The colors of courage : Gettysburg’s hidden history : immigrants, women, and African-Americans in the Civil War’s defining battle Margaret Creighton Gettysburg, Battle of, Gettysburg, Pa., 1863 New York : Basic Books, c 2005 Hardcover. 1st ed. and printing. xix, 321 p.,  leaves of plates : ill., maps ; 25 cm. Includes bibliographical references (p. 293-308) and index. Clean, tight and strong binding with clean dust jacket. No highlighting, underlining or marginalia in text. VG/VG
Gettysburg has been written about and studied in great detail over the last 150 plus years, but there are still many participants whose experiences have been overlooked. In augmenting this incomplete history, Margaret Creighton presents a new look at the decisive battle through the eyes of Gettysburg’s women, immigrant soldiers, and black Americans.
With a greater flair for storytelling than mere historical facts, Creighton draws on memoirs, letters, diaries, and newspapers to get to what she supposes to be the hearts of her subjects. Mag Palm, a free black woman living with her family outside of town on Cemetery Ridge is portrayed as threatened by the arrival of Lee’s Confederate Army. Carl Schurz, a political exile who had fled Germany after the failed 1848 revolution, brought a deeply held fervor for revolution and destruction of the established regime to the Union Army along with every other idea that came out of those revolutions. Sadie Bushman, a nine-year-old cabinetmaker’s daughter, was commandeered by a Union doctor to assist at a field hospital just as everything that belonged to civilians was subject to military requisition.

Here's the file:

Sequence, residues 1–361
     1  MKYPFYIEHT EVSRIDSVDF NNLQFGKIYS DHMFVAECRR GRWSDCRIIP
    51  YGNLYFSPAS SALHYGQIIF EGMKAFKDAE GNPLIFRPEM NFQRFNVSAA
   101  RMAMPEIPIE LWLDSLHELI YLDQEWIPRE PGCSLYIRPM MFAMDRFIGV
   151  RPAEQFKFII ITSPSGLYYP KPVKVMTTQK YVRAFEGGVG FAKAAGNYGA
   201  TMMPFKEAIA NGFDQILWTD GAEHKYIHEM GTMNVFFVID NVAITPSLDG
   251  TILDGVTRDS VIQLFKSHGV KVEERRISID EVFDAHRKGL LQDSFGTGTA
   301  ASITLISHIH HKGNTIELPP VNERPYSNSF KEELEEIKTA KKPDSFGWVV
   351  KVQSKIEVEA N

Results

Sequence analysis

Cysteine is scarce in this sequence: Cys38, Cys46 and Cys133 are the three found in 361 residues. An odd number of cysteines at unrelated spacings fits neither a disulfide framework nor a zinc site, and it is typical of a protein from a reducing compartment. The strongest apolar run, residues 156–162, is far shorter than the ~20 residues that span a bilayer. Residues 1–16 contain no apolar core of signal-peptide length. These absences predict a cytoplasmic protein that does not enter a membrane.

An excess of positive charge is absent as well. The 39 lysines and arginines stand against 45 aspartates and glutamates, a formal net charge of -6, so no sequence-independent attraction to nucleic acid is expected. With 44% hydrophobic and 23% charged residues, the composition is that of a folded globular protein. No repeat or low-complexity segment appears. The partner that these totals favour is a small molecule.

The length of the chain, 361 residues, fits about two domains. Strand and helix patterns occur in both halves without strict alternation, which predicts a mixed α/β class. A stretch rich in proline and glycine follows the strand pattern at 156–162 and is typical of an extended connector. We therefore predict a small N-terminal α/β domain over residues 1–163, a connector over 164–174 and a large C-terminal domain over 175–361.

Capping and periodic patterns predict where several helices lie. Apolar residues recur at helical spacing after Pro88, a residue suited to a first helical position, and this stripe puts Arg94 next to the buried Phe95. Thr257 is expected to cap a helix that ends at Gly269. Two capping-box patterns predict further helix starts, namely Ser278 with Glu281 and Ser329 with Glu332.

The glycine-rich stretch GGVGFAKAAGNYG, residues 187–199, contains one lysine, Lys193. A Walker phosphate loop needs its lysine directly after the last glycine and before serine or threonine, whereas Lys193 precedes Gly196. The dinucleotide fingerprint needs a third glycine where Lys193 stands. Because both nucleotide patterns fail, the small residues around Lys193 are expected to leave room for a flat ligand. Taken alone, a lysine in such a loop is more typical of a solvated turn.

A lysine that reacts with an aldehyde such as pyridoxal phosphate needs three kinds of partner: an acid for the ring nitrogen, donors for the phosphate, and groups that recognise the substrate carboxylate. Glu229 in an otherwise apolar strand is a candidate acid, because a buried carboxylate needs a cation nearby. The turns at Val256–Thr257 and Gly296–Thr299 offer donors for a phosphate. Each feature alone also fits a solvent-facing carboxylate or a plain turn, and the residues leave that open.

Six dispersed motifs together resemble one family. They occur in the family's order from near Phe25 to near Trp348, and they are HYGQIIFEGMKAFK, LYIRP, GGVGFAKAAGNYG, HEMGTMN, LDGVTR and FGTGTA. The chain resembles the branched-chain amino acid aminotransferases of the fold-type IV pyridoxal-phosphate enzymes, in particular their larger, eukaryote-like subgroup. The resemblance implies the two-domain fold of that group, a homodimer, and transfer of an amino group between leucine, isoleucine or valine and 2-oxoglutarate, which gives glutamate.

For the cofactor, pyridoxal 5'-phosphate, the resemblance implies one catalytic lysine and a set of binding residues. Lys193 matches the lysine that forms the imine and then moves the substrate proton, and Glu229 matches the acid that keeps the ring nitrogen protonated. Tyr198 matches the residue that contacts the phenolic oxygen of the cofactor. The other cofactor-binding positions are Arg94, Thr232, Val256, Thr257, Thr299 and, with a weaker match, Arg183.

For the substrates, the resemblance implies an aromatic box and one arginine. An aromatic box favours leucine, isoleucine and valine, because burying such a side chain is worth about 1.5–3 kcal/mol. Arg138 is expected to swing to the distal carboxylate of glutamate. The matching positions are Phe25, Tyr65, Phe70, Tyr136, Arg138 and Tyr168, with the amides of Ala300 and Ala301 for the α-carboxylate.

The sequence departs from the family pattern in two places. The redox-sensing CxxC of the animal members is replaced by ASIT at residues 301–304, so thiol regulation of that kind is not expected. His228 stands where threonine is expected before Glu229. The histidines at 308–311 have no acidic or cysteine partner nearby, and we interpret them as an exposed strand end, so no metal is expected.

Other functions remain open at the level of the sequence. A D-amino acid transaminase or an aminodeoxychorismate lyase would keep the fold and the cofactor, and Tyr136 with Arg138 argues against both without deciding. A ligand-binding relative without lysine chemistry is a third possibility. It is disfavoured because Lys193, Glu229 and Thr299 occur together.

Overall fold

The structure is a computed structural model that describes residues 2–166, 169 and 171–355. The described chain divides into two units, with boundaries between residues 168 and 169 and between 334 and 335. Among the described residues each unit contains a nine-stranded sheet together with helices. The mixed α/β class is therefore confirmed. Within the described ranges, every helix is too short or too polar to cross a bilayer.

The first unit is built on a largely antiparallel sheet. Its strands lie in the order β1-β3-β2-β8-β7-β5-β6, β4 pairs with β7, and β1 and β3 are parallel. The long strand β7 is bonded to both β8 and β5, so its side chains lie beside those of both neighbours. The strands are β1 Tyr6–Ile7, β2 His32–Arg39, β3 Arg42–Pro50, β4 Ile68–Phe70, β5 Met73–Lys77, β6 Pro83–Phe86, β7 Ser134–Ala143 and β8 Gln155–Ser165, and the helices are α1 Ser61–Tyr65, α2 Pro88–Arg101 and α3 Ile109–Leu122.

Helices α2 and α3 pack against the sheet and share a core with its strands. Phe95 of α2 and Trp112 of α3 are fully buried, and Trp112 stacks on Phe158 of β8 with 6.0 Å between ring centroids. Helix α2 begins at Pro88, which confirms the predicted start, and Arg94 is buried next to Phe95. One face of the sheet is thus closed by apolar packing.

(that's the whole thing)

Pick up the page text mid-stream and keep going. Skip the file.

In telling the stories of these and a dozen other participants, Margaret Creighton has written a work of originality if not history – a narrative that is sure to spawn at least a dozen screenplays, more teleplays and probably a pulitzer prize winning novel or two.